Good experiences are memorable. That’s why experiential marketing works as a marketing strategy.
Business has arguably never been tougher. In every niche, it seems that brands are fighting for their seat at the table.
And with continued pressure on marketing budgets, the emphasis is on finding ways to get results at little or no spend. Now, that kind of agenda is perfect for experiential marketing, but businesses still need to focus on effectiveness.
There is no one-size-fits-all approach to marketing as a whole, much less for experiential marketing.
So if there isn’t one recognized way of executing an experiential marketing campaign, measuring the effectiveness of a plan becomes incredibly important.
Here are a number of ways that you can measure your experiential marketing efforts…
Did you achieve product sales?
It’s quite an obvious point maybe (and won’t always be relevant), but if your campaign resulted in a boost in sales, then that’s a great result.
Ultimately, marketing success shouldn’t always be focused on profits, but it should be analysed in the context of new users.
It’s a game of numbers. The more people who hear, see and use what you’re selling, the likelier they are to tell others.
Were you able to put your product in front of a wide audience?
Experiential marketing campaigns should aim to capture the attentions of many different people.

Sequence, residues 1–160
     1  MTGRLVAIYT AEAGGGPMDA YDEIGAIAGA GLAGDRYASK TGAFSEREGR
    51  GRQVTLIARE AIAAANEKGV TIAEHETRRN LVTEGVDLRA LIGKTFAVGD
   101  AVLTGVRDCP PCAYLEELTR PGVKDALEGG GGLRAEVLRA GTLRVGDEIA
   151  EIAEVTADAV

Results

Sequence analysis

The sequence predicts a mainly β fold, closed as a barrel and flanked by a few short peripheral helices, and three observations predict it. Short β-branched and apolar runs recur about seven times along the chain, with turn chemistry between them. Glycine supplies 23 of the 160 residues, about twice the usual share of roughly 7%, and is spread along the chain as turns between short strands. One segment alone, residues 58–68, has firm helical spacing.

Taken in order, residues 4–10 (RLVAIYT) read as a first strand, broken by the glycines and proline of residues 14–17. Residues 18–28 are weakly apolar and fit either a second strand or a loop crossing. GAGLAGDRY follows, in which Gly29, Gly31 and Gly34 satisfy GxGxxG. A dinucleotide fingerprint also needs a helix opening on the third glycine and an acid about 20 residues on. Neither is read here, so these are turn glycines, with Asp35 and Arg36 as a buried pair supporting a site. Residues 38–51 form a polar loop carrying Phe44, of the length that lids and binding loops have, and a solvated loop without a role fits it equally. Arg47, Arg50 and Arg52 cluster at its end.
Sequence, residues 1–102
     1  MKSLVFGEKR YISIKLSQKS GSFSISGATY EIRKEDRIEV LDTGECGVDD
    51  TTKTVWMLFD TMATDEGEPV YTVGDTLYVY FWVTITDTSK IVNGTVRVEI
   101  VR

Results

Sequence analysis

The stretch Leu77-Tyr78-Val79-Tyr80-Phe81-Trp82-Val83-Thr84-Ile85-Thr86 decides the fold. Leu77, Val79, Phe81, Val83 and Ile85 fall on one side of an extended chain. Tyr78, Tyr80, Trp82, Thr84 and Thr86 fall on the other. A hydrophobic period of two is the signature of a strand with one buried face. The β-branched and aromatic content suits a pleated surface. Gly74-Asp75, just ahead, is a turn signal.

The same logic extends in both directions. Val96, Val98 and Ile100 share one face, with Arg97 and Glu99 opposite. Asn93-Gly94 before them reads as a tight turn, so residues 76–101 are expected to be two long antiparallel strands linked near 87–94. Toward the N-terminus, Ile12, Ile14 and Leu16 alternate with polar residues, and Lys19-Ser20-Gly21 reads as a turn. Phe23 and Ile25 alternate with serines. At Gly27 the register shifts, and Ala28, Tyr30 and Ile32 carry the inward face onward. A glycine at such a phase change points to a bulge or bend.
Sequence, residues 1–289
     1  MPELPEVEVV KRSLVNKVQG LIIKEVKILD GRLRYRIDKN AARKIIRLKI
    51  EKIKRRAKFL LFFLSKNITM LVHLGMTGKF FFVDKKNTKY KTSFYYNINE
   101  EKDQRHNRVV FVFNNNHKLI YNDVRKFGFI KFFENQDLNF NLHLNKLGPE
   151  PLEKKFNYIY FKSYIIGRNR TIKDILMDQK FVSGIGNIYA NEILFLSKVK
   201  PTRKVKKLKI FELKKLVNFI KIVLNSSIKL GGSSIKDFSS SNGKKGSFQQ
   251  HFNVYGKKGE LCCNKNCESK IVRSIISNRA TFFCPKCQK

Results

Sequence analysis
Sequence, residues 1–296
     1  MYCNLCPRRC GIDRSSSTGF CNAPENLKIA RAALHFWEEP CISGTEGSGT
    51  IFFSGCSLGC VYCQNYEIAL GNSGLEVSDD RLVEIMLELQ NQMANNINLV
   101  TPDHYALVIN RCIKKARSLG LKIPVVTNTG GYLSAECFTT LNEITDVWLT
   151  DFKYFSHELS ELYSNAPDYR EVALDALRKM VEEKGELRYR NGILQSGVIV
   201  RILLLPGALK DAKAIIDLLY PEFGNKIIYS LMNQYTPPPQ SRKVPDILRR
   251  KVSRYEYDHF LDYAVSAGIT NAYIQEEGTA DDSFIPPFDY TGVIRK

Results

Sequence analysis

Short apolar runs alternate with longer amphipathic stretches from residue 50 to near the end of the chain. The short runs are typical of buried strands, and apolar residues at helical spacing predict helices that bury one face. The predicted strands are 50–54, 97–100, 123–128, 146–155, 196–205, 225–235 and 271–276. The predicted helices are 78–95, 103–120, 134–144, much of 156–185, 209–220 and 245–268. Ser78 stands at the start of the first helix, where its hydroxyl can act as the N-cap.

Sometimes, we can have too much tunnel vision. We can build up a picture of our target audience in our minds, but the reality could quite different.
Or at least, the reality might be that a demographic of people exists where you have untapped potential.
What sort of social media impressions did you generate?
It’s a sign of the times, perhaps, but if something surprising and memorable happens, our first thought is to share the experience on social media.
So, what kind of noise did your campaign make on Facebook, Twitter, Instagram and the like?
Consider Red Bull’s Stratos mission for example, where Felix Baumgartner made his famous supersonic parachute jump from space.
This was a truly memorable even that pretty much ticked every box.
A solitary YouTube video of the jump has topped 39million views. It even made the news, putting both the jump and Red Bull’s brand in front of millions of TV viewers.
And Red Bull’s sales figures?
Well, they increased 7.6% to $1.6billion in the six months after the jump.